# Internet Wrongs, Scalability sins + other dev links

– Stop Doing Internet Wrong <Scott Hanselman> – Agreed; I don’t want to install your app, please give me the web version 🙂
5 More Things Deadly to Scalability <Sean Hull>
Microsoft Office arrives for iOS – looks to be only the US store at this stage
jQuery.each vs for loop – Don’t you just love micro-optimization comparisons
3 Tips for New Scrum Masters <Mike Cohn>

# GetHashCode – what, how, why

If you don’t already know, GetHashCode is used by HashTable/Dictionary to obtain a key value used in lookups/comparisons. Writing an appropriate Hash algorithm is in itself a black art, because you’re trying to generate a unique number for every value in a given Hash table.

When items are added to the Hash table, they are assigned to a “bucket”. The hash code modulo the size of the Hash table gives the “bucket” to assign the new item to. When different hash keys resolve to the same bucket then this is known as a collision. The goal of a good Hash algorithm is to provide even distribution to these buckets (if there’s one value per bucket you get O(1) resolution, and if all values are in a single bucket you get O(n)).

The following from Stackover – Jon Skeet’s entry is a generic example of the GetHashCode override that can be applied in many cases.

```
public override int GetHashCode()
{
unchecked // Overflow is fine, just wrap
{
int hash = 17;
// Suitable nullity checks etc, of course 🙂
hash = hash * 23 + field1.GetHashCode();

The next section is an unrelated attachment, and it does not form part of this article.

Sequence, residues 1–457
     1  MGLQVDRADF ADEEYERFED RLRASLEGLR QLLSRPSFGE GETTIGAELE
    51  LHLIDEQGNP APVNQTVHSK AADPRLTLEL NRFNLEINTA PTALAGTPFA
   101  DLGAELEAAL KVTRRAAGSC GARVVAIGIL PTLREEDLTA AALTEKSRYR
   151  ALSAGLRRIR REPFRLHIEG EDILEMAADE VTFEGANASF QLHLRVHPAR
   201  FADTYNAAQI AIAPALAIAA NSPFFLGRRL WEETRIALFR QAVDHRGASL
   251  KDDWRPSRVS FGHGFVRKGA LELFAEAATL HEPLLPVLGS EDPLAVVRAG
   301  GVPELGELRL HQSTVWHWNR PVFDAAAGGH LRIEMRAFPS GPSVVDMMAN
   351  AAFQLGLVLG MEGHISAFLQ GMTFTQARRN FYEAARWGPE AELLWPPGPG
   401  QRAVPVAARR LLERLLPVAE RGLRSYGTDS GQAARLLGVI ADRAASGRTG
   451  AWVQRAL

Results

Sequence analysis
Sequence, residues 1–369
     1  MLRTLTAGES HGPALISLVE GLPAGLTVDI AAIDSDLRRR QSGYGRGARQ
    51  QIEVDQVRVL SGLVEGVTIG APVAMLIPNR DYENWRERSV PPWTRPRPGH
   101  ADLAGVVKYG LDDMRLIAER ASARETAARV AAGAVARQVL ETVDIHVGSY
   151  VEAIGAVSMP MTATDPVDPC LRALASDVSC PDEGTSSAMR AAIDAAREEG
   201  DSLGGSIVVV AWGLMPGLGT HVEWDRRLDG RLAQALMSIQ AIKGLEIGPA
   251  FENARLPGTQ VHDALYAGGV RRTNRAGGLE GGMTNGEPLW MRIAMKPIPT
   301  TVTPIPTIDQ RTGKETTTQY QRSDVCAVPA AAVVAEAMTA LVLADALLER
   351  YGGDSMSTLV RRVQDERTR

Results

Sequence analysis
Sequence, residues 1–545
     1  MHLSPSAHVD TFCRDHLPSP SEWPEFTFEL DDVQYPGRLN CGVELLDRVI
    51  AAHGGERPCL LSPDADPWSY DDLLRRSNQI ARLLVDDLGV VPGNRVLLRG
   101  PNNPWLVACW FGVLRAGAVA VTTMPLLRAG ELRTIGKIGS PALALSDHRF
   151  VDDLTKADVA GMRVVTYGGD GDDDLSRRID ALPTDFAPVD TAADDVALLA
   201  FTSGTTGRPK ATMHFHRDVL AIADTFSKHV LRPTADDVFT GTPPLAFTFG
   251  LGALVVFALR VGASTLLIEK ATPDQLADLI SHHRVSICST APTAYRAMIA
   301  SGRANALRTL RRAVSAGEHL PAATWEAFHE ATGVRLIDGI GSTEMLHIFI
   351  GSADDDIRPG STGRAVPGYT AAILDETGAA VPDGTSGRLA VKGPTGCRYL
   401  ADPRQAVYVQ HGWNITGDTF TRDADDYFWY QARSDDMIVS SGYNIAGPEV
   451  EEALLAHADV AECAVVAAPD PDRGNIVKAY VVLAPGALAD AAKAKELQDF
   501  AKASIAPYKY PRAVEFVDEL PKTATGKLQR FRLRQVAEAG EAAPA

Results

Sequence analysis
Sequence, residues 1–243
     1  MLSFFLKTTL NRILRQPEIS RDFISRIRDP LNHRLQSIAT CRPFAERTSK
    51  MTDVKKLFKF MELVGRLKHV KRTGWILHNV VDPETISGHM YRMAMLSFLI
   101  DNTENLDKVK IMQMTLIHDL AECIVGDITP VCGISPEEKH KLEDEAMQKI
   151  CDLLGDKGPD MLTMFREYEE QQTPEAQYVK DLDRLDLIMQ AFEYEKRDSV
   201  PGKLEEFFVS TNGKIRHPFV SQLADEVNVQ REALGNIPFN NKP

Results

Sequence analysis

hash = hash * 23 + field2.GetHashCode();
hash = hash * 23 + field3.GetHashCode();
return hash;
}
}

```

31 is another prime number that is commonly used in the algorithm above. So why prime numbers?

Primes are unique numbers. They are unique in that, the product of a prime with any other number has the best chance of being unique (not as unique as the prime itself of-course) due to the fact that a prime is used to compose it

<Why do hash functions use prime numbers – Computing life>

In cases where a more complex algorithm required you can have a look at Google’s sparsehash or Eternally Confuzzled – The Art of Hashing

# Comparing collections for value equality

First off, the object that will be used in your collection should implement IEquatable, which has a single method:

1) Equals – for the comparison. Collections will use this function for determining value equality

```
public bool Equals(BasicItem other)

{

if (ReferenceEquals(null, other)) return false;
if (ReferenceEquals(this, other)) return true;
return other.XCo == XCo && other.YCo == YCo && Equals(other.Description, Description);

}

```

From MSDN we also have the following

If you implement IEquatable, you should also override the base class implementations of Object.Equals(Object) and GetHashCode so that their behavior is consistent with that of the IEquatable.Equals method. If you do override Object.Equals(Object), your overridden implementation is also called in calls to the static Equals(System.Object, System.Object) method on your class. This ensures that all invocations of the Equals method return consistent results.

```
public override int GetHashCode()
{
unchecked
{
int result = XCo;
result = (result*397) ^ YCo;
result = (result*397) ^ (Description != null ? Description.GetHashCode() : 0);
return result;
}
}

```

The guidelines for ==/!= operators is to override for value types and immutable reference types. Of course the whole usage of these operators can be confusing so it’s best to be as explicit as possible and use object.ReferenceEquals for reference types rather than just relying on == operator for comparing reference types. Be sure to take into account that derived and base class comparisons can equate to the same reference so depending on your requirements you might need to check the types of both using GetType; but I digress, so back to comparing the contents of a collection

Once you have these foundations in the item’s class you can start performing a comparison of the contents. Here’s one version courtesy of Stackoverflow:

```